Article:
The event was spear-headed by Kyle O’Donnell and John Anthony, both of whom will be taking part in the performance. O’Donnell said musicians from Youngstown, Warren, and Pittsburgh, as well other parts of Pennsylvania will be taking part, for a diverse representation of the region.

“I actually didn’t even meet some of the guys in the band, who are from PA, until 2 days before our first rehearsal, but I’m excited that they’re willing to bring their talents to Youngstown for a night,” said O’Donnell.

The initial bond that unites these musicians is, of course, the music of Prince. Anthony said that following his death, he decided to analyze himself as a musician and just how important of a role Prince played.

“With the passing of Prince, I felt as a guitar player I always wanted to dive more into his musical vocabulary but always pushed it aside because my focus was always working on different music. Myself and our drummer, Kelvin Newell, had spoke about doing a Prince tribute show for years however we were never able to make a particular date work with our schedules. Once Prince passed, I like everyone else, began to revisit a lot of the music and felt that it was time to really study his guitar playing,” explained Anthony.

There’s no denying the impact Prince made on the musical landscape. Khaled Tabbara of The Zou explained the significance of Prince’s discography and how it influenced the sound of artists to follow.

“Prince’s is one of the greatest artists and performers in the history of modern music. His impact on rock and popular music is unsurpassed. Equal (or greater than in some ways) to the Beatles or Dylan. Even if you think you don’t like Prince, he is probably your favorite artist’s favorite artist. If you like, Beyonce, Beck, Dave Grohl, Justin Timberlake, Stevie Wonder, Rhianna, Trent Reznor, or most things you hear on the radio, you are listening to music made by Prince fans,” said Tabbara.

O’Donnell said that his legacy is on par with that of greats like Michael Jackson.

“Some people might not believe it, but Prince was once talked about in the same breath as musicians such as Michael Jackson. Actually, the story goes that Michael Jackson asked Prince to sing on his song “Bad,” but Prince turned it down. Jackson is responsible for the best selling album of all time, so being considered to be on his level speaks to Prince’s talent,” said O’Donnell.

“He put out 1999, which is a totally cool, electronic synth-pop record, and about a year later, dropped Purple Rain, what many consider one of the greatest rock records ever made,” added Tabbara.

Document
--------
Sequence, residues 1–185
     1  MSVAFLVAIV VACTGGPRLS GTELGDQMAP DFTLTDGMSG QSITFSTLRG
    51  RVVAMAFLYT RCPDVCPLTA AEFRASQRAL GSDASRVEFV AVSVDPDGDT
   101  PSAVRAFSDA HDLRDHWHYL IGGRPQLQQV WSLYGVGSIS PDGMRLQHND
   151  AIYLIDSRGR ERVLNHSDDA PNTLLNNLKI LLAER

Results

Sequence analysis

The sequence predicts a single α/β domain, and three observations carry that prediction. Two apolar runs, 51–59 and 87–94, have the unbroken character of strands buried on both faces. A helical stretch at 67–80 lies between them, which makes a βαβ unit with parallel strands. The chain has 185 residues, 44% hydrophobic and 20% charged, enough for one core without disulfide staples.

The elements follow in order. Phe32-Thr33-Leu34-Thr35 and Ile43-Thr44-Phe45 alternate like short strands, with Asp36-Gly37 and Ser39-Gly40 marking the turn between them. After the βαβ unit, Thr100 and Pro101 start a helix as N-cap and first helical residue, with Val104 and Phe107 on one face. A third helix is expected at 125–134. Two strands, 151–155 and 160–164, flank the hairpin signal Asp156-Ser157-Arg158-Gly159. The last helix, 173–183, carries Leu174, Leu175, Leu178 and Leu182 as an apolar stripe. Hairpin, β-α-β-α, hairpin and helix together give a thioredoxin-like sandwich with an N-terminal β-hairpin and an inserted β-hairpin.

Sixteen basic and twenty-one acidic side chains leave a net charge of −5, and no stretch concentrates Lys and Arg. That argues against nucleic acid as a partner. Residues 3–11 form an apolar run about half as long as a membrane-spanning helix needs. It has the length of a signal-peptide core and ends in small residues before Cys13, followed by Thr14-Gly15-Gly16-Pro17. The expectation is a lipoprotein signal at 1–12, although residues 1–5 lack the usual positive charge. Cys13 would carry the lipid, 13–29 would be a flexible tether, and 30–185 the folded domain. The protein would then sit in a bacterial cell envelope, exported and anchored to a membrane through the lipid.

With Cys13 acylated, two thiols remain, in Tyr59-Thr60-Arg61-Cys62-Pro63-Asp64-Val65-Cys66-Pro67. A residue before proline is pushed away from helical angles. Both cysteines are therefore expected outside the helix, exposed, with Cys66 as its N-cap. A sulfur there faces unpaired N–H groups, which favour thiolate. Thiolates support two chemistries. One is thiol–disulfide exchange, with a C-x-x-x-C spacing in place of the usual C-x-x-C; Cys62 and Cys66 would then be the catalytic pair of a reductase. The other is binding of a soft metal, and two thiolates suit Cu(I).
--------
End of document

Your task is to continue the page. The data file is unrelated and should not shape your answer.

Anthony said that although he discovered Prince slightly later in the game, the impact was felt no less.

“Prince was an artist that I did not discover until high school. My parents did not play him in our house and it wasn’t until his performance at the Rock and Roll Hall of Fame Induction in 2004 that I found out who he was,” said Anthony.

O’Donnell, Tabbara and Anthony all agree that this tribute will give justice to Prince’s musical and cultural impact and turn casual or non-fans into believers.

“This show will obviously showcase the classics, but it will also showcase some of the lesser known tunes. I bet that we will have some audience members say to themselves, ‘Oh, I know this song,’ but they might never have realized that it was Prince. I think that this will really outline how even the non-fan was impacted by Prince’s music,” said O’Donnell.

“This show is full of musicians from across the musical spectrum; rock guys, pop girls, jazz and classical cats, funk and R&B fans. We all come from different musical influences, but we are all huge Prince fans,” added Tabbara.

All three musicians share an excitement and enthusiasm upon performing with one another, bringing out the best in one another and doing so in such an unconventional fashion.

“Many of the musicians who are playing this group were picked because of their love of his music. These individuals are some of the best musicians in the area who look at taking an artist’s work and playing it at the highest level of musicianship possible,” said Anthony.

“This is perhaps the most interesting part of this gig. I feel like the story behind the story is the band. In the past, myself and John Anthony have done a number of tribute shows with multiple groups of musicians,” added O’Donnell.

“I’ve known a lot of these musicians for a while, but I’m really excited to have a chance to finally play with them. It’s going to be a really dynamite show,” finished Tabbara.

O’Donnell said that although he doesn’t want to reveal too much, this tribute will be one to remember, with plenty of surprises in store.

“Well, I’m not going to give away too much about the set list, but Prince was very unique and eclectic, so the audience will experience a wide range of styles and themes. We will play music from four different decades, so we plan to cater to both the casual fan and the diehard one.

“Performance wise, we’re going to have a pretty good balance of group playing and solo jams. We have a huge amount of talent in the band and we want to showcase that as much as possible,” O’Donnell said.

“Like many of the other tribute shows that we have done, it’s always exciting to see the people who come to these shows because typically you see the excitement and nostalgia that a lot of this music is going to bring them,” added Anthony.

Lastly, O’Donnell commented that all of the greats to come before and after Prince, the timeless music will continue to inspire and intrigue generations to come.

“I think that Prince’s lasting influence was already being felt, even before his death. When you think about artists like Prince, David Bowie, Elton John, etc., it’s easy to go straight to the crazy outfits and the odd behavior. Beneath all of that, they are all incredible musicians who are very proficient at their craft. Moving forward, I think that future generations will have more awareness of who Prince was, the level of talent that he possessed, and just how prolific of a career he had,” O’Donnell said.